Last summer I wrote about the launch of Shmapped, our smartphone app to study how green and built spaces affect our wellbeing. Shmapped is part of the £1.3 million Natural Environment Research Council funded project IWUN: Improving Wellbeing through Urban Nature. The Nature Connectedness Research Group at the University of Derby has completed analysis of a chunk of the data after 10 months of data collection – there’s a lot of data! I’ll publish blogs about the results in the future, but signs are good with noting the good things in nature leading to significant improvements in well-being.
Shmapped, and IWUN, is based in Sheffield (Sheffield Mapped), however we’ve now launched the Derby version, Good Things Derby on Android and Apple iOS. If you’re outside Derby, you can still use it, but it won’t be aware of your local green spaces.
Good Things Derby records how people interact with their local green and built spaces and prompts them to map and notice the good things they see. We’re asking people who live and work in and around Derby to use the app for 7 days – there’s a prize draw for those who do. The app reminds users to notice and map the good things, letting people record, photograph and rate places. The smartphone is also used to track activity, allowing us, with the help of the Data Science Research Centre at the University of Derby, to visualise some really rich and useful data about how people use and rate the city – as shown in the images below from Sheffield.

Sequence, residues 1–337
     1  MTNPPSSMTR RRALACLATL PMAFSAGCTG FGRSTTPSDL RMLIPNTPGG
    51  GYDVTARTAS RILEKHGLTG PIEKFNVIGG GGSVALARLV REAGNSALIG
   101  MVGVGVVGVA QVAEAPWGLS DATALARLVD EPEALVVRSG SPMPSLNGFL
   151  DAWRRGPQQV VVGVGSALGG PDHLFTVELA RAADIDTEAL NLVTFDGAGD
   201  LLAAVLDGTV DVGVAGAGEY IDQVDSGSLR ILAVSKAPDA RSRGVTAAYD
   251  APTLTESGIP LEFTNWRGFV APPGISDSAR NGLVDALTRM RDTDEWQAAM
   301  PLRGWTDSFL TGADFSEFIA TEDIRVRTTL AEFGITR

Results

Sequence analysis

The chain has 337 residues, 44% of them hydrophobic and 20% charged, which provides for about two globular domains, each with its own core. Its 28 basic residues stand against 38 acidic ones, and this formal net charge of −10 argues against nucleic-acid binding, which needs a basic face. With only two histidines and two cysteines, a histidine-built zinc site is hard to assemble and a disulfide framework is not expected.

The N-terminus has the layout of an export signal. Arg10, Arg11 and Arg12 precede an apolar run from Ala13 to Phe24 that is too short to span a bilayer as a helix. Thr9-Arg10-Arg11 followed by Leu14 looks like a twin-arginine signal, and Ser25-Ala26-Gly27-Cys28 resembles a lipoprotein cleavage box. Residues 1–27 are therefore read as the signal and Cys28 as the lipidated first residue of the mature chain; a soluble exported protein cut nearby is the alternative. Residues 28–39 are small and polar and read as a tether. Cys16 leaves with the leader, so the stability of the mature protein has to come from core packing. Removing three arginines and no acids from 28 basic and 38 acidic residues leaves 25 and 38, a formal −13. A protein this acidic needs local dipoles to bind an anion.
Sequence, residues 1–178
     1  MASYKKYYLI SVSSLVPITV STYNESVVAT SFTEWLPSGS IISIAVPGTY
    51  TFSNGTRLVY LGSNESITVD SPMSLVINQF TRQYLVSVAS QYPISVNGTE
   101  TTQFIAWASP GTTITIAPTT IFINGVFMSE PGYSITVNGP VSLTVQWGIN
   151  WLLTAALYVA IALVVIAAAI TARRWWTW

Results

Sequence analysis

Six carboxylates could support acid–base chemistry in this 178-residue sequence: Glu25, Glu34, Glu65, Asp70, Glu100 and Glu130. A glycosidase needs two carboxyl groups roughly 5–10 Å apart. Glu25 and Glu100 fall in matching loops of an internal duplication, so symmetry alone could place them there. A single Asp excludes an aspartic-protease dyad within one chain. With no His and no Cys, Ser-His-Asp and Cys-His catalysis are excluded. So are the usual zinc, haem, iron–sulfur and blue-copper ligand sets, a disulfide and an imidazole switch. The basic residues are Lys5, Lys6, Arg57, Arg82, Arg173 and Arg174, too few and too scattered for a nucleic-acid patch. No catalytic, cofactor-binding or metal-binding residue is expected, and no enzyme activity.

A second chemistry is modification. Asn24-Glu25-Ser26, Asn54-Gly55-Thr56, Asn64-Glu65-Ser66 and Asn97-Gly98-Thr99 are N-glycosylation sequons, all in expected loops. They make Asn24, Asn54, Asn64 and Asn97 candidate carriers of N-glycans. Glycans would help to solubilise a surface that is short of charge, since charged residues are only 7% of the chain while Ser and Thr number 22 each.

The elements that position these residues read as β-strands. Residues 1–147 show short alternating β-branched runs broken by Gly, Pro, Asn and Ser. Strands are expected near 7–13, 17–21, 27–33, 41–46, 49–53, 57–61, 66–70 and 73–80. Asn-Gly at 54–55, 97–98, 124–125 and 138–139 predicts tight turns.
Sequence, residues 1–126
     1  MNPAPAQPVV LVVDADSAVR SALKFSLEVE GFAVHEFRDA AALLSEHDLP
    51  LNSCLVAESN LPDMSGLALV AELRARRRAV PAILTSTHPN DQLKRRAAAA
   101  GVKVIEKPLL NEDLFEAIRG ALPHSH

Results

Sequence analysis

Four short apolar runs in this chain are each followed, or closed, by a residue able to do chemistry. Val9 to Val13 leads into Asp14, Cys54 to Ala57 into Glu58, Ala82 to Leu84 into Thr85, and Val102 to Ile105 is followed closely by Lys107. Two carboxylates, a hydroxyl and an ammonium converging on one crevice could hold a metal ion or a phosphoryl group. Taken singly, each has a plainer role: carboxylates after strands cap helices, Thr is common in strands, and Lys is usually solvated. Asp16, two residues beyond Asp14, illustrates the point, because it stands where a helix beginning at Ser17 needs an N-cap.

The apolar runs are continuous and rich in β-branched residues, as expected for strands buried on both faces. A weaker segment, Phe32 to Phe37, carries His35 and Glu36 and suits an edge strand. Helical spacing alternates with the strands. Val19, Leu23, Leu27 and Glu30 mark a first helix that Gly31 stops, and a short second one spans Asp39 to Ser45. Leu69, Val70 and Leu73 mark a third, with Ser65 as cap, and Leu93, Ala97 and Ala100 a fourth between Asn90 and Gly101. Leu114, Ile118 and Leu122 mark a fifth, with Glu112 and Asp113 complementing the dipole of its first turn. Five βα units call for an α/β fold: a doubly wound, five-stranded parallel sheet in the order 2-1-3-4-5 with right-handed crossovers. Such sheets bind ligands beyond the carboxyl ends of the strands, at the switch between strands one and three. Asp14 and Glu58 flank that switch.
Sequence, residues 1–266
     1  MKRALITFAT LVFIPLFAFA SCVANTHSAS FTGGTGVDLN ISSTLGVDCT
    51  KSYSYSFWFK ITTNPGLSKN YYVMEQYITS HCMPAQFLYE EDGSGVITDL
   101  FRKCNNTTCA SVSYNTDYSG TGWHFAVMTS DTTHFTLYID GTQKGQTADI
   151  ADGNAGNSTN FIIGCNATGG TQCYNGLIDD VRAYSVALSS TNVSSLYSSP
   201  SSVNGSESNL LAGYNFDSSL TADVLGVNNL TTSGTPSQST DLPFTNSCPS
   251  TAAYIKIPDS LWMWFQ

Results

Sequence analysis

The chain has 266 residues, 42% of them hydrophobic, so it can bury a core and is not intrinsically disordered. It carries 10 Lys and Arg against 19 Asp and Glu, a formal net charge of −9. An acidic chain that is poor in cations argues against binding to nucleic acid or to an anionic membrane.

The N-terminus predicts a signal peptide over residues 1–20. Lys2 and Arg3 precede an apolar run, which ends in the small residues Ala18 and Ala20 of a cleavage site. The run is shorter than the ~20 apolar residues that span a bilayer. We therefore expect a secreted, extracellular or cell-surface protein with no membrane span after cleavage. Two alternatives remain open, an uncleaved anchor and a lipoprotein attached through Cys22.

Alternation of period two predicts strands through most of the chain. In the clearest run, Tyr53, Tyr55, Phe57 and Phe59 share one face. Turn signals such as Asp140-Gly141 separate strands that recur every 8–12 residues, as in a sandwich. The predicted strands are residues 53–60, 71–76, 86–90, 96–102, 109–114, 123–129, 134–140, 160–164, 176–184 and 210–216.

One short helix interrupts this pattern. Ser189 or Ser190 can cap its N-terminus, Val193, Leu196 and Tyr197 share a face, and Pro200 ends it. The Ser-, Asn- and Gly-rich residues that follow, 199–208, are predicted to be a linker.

To be as engaging as possible users interact with the app through a ‘conversation’ with a ‘chatbot’, your companion for the week. For those people in Derby the app tracks the user’s time and use of green spaces using about 1000 ‘geofences’, reminding them to notice the good things in nature when in green spaces in, and up to 10km away, from the city. Being a research study, some users of the app are prompted to notice good things in the built environment.
As well as an intervention to improve wellbeing, Shmapped is showing us that the app provides a promising tool for monitoring green space usage – but there’s a huge amount of data to analyse. So please take a look, especially if you’re in Derby.